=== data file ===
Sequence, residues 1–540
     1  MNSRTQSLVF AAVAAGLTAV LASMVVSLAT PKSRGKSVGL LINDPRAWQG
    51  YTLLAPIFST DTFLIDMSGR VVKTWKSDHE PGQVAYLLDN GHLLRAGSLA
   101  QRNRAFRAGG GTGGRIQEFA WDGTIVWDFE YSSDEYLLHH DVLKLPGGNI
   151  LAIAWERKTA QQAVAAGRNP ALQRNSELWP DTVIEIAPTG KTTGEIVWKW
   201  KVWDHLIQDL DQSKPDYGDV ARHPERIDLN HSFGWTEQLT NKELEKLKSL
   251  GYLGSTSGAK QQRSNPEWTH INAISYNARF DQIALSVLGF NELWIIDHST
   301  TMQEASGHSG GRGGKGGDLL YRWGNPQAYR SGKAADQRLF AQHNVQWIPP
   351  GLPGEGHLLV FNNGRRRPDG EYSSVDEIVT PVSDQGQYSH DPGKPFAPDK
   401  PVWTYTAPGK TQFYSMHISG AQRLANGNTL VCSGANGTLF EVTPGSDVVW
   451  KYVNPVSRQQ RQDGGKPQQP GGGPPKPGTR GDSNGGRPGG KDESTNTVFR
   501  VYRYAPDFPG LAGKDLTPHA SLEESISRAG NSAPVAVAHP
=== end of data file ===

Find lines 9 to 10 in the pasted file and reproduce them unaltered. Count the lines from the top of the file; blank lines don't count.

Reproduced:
   351  GLPGEGHLLV FNNGRRRPDG EYSSVDEIVT PVSDQGQYSH DPGKPFAPDK
   401  PVWTYTAPGK TQFYSMHISG AQRLANGNTL VCSGANGTLF EVTPGSDVVW